Recently IL17 has been associated with more severe forms of asthma, especially those cases complicated by persistent airway neutrophils . Th17 responses in allergic airway disease are promoted by IL6, tumor growth factor β (TGFβ), IL23, SAA3 as well as IL1β [47, 48]. In our study we detected significant increases in allergic SNP/OVA-mice of IL17A, IL6 and IL1β (cytokine and gene expression) as well as Saa3 (gene expression). SAA3 has been shown to activate the NLRP3 inflammasome and promote an allergic Th17 response in mice in combination with other mediators . The NLRP3 inflammasome is a protein complex required for splicing pro-IL1β into its active form , and was recently found to have an immuno-stimulatory function for aluminum adjuvants in vaccination . Though we did not measure inflammasome activation in the present study, SNP treatment caused a dose- dependent increase in BALF IL1β, and a recent study has shown that SNP can activate the inflammasome . It is therefore possible that the SNP-mediated adjuvant effects in allergic models are related to inflammasome activation and/or oxidative stress. However, further studies are needed to elucidate their roles in the adjuvant effects of SNP in more detail.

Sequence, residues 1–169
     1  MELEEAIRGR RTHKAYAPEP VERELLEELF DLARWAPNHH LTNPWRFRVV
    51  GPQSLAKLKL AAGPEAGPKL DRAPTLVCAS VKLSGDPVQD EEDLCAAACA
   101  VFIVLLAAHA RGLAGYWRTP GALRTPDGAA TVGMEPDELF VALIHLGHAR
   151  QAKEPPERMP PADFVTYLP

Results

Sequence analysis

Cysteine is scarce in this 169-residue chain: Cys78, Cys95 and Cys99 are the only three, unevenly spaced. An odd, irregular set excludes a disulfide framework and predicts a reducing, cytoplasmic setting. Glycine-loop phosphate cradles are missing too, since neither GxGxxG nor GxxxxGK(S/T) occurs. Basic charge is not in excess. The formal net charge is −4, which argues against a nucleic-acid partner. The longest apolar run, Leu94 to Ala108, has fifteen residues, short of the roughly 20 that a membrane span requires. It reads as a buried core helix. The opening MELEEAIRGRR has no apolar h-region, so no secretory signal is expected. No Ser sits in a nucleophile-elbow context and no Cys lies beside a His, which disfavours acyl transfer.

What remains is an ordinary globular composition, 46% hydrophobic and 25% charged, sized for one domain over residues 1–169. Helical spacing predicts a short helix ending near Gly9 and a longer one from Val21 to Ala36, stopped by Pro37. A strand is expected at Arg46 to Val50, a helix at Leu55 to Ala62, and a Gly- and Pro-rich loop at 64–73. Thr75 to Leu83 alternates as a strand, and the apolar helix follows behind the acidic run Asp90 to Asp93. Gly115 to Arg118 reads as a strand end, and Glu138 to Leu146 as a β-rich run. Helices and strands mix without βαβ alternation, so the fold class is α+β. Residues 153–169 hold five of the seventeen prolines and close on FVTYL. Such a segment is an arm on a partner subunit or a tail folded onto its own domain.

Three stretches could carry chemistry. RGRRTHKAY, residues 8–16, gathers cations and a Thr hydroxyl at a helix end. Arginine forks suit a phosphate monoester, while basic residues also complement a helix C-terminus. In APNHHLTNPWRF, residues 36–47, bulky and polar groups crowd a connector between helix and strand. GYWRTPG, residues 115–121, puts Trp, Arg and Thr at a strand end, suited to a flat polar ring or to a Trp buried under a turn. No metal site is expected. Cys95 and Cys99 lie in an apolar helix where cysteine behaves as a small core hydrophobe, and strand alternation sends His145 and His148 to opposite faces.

Besides Th2 and Th17 cytokine responses, we also detected an increase in TNFα and Th1 cytokine IFNγ in the SNP/OVA-mice which was not detectable in SNP- or OVA-mice. Therefore it may be possible that a Th1 component is present as well in the adjuvant response of SNP/OVA-mice. It has been shown previously, that Th1 cells do not attenuate Th2 cell–induced airway hyperreactivity in OVA-immunized BALB/c mice, but rather cause severe airway inflammation . We therefore suggest that the increase in BALF cytokines TNFα and IFNγ are augmenting rather than attenuating the allergic response in our model.